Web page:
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This article on harnessing nervous energy from Careerealism came at just the right time for my family.  The topic is not only relevant for candidates interviewing for new jobs, but also for any situation in life that has your stomach in knots and your nerves on edge.

nervous energyIt’s the last week of school before summer break for my 13-year-old son.  I don’t think any of us ever forget that last week of school and the stress that comes along with exams.  But to make matters worse, he also has an important band solo that will determine his placement for band in 8th grade.  Everything he’s done throughout the year has led up to this point and his ultimate goal of making Honor Winds.  So, to say he has been anxious is putting it mildly.  It also doesn’t help that his little sister is only in kindergarten, and her biggest decision this week was what board game to take to school and what outfit to wear to the big dance party.

I shared one of my favorite quotes with my son in anticipation of his solo performance: “Being nervous is a good thing.  If you didn’t care, you wouldn’t be nervous.”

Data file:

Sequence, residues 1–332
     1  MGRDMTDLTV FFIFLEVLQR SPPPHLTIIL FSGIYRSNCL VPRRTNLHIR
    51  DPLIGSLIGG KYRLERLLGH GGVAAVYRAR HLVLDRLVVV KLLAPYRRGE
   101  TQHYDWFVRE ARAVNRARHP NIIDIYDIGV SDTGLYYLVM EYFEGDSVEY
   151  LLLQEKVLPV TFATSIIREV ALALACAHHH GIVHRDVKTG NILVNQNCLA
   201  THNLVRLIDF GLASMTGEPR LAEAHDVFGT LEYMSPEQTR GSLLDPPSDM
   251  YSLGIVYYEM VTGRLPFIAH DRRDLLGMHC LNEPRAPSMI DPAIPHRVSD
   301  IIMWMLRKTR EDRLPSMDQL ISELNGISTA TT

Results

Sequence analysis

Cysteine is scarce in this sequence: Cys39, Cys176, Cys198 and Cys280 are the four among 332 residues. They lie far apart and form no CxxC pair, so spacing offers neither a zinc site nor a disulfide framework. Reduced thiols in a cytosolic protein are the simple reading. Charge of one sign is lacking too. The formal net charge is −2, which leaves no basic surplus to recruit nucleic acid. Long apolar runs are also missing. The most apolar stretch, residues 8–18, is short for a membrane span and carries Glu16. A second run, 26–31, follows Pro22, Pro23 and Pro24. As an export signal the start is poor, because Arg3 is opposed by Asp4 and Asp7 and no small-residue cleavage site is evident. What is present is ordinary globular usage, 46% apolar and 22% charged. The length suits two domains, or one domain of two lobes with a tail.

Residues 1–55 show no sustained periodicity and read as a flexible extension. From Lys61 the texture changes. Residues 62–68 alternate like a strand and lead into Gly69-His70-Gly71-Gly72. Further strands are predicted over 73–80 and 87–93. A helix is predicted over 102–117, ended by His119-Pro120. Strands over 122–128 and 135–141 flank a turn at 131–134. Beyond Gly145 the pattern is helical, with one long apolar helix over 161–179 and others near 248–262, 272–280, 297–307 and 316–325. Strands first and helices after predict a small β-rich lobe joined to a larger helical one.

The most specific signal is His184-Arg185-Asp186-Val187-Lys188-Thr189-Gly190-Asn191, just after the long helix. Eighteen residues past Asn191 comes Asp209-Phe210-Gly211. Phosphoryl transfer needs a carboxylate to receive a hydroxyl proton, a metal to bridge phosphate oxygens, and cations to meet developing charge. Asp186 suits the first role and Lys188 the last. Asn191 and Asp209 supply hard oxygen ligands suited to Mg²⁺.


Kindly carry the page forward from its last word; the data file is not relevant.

The author, Jennifer Manhood, recommends asking yourself what part of the [insert event you are nervous about] worries you?  Write it down and then go through the process of trying to eliminate some of those worries.

Are you worried you aren’t qualified?  Then take the time to sit down, review the qualifications and then physically list all of the reasons you ARE qualified. You must have done something right to be invited to participate to begin with.

Are you worried you don’t know enough about the company, event, music, etc.?  Do your research!  Use every resource available to you to learn everything you can.

Are you worried you won’t be able to perform?  Or answer their questions?  Practice.  You don’t want to over-prepare.  My son learned that the hard way last week when he over-prepared and then couldn’t play, but you do want to be sure you spend ample time prepping beforehand.

Find ways to use that nervousness to your advantage like sitting down and spending some focused time determining and addressing the underlying issues.

Being nervous is a good thing.  It means you care.


BeckyHeadshot-lowBecky Pearce is a member of the JohnGSelf + Partners transition coaching team.  Ms. Pearce specializes in social media consulting.  She also leads her own Firm, Pearce Social.